The Circus Boys In Dixie Land by Edgar B. P. Darlington
Chapter II. In Their Home Town
"What is it, Teddy?"
"Wake up! We are in the old town again."
Phil Forrest pulled aside the curtain and peered out from his berth into the railroad yards, the bright May sunshine flooding the old familiar scenes at Edmeston. Far off he could just make out the red brick chimney of his Uncle Abner's home.
What recollections it brought back to Phil Forrest--recollections that went back still further to a sweet face and laughing eyes his mother!
Phil dropped the curtain and lay face down in the pillow for a moment.
"I say, Phil."
"What is it?" demanded the lad in a muffled voice.
"Guess who's out there?"
"I don't know."
"The gang's out there."
"The gang. The whole high school crowd."
"They're looking for us. Lucky we're on the last section, for if it was dark, we couldn't make much of a splurge getting off the train. Aren't you going to get up?"
Phil slowly pulled himself from his berth, then began drawing on his clothes. Teddy was already up and nearly dressed, full of expectation of what was before him. For Phil there was something that tinged his joy with sadness, though he could not make up his mind why it should be so. His reverie was broken in upon by the voice of Teddy Tucker.
"Come, hurry up!"
"I am all ready now," answered Phil. "Have you washed?"
"You bet. I always wash the first thing in the morning."
Together the Circus Boys stepped out on the platform. There, lined up by the side of the track, were their companions and school fellows waiting to welcome them.
The high school boys uttered a shout when they espied Phil and Teddy.
"How'dy, fellows!" greeted Teddy, posing on the car platform for a moment, that they might gaze upon him admiringly.
Phil was already on the ground, hurrying toward the boys with both hands outstretched. A moment more and the two lads had been grabbed by their schoolmates and literally overwhelmed, while a crowd of villagers stood off against a pile of lumber, laughing and calling out greetings to the Circus Boys.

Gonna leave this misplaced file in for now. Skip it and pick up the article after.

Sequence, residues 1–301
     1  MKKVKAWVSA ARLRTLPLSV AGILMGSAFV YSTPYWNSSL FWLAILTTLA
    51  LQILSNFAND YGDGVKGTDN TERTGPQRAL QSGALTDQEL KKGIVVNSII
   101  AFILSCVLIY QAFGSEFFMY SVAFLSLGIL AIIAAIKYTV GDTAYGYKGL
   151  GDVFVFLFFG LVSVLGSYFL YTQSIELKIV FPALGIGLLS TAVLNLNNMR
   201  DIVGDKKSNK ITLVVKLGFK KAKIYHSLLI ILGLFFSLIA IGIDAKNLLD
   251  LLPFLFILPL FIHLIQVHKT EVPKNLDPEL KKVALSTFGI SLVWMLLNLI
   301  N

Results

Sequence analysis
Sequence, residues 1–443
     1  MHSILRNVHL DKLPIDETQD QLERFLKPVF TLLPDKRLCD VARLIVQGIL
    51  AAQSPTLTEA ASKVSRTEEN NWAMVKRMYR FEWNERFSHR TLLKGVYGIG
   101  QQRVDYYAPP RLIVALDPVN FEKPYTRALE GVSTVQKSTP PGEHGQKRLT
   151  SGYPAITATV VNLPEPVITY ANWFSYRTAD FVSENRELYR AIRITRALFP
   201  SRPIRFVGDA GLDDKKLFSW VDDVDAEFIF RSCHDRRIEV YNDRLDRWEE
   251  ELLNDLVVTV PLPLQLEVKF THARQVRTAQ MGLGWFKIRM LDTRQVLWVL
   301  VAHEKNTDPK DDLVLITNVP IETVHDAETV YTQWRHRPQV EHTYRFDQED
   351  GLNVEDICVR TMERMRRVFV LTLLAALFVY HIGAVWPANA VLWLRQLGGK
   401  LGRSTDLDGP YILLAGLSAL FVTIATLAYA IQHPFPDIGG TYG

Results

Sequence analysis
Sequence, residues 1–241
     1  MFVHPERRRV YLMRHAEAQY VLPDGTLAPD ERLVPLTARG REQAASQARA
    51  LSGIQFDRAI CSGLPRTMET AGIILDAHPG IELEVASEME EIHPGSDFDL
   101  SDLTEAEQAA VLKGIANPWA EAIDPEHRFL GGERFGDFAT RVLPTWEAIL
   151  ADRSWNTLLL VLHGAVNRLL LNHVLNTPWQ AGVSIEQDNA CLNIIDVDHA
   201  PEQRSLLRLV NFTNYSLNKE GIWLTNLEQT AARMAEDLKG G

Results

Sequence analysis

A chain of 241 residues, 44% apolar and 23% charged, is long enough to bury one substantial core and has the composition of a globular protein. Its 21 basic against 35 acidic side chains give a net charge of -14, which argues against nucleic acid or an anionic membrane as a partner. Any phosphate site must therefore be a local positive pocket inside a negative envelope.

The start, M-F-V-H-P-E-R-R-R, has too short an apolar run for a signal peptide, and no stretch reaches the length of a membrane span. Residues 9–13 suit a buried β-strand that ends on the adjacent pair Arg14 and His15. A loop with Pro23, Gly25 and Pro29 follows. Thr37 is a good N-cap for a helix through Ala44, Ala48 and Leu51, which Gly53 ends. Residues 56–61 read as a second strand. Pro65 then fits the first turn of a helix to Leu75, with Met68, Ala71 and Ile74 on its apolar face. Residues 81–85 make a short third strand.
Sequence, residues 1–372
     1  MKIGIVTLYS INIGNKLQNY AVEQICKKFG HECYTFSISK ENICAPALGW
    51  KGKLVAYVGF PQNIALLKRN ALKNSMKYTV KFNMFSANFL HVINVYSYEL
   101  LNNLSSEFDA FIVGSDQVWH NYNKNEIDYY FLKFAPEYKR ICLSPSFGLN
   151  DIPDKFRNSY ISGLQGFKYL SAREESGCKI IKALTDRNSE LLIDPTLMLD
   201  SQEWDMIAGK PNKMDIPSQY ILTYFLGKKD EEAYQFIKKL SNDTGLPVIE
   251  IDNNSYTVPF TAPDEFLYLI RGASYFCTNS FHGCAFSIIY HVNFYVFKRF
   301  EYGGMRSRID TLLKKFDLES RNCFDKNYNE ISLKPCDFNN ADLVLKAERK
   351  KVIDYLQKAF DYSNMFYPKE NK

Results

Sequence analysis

Phil and Teddy, as soon as they were able to get away, hurried to the circus lot for their breakfast. There they found a great crowd of people whom they knew, and for a few minutes they were kept busy shaking hands, after which the boys with faces wreathed in smiles, proudly entered the cook tent. Teddy glanced up quizzically when they got inside.
"Well I guess we're some, eh, Phil?"
"I guess so. I hope everything goes all right today. I should die of mortification if anything were to happen to our acts. You want to keep your mind right on your work today. Don't pay any attention to the audience. Remember a whole lot of people are coming to this show today just because they are interested in you and me."
"I guess I know how to perform," sputtered Teddy.
"I haven't said you do not. I know you do, but I don't want you to forget that you do."
"Look out for yourself. I'll take care of myself," growled Teddy.
"I'm going to."
Having finished their breakfast the boys started for the village, to call on Mrs. Cahill, their guardian and the custodian of their earnings. As they were leaving the grounds, Phil paused suddenly.
"Look there," he said, pointing to Mr. Sparling's office tent.
"Well, if it isn't Billy Ford, the president of our class," breathed Teddy. "I didn't see him at the train when we came in this morning; did you?"
"No. He wasn't there."
"Now, what do you suppose he is doing in Mr. Sparling's tent?"
"I haven't the least idea unless he is trying to find out where we are. Hey, Billy!"
Billy Ford paused at the sound of the familiar call; then the Circus Boys hurried toward him. Billy went suddenly red in the face as if he were very much embarrassed.
"What you doing in there?" demanded Teddy.
"Why--why--perhaps I was trying to join the show," stammered Billy.
"We wouldn't have you. You and I couldn't travel in the same show. They'd fire us both."
"Why?" questioned Billy, now regaining his presence of mind.
" 'Cause, between us we'd put the show out of business."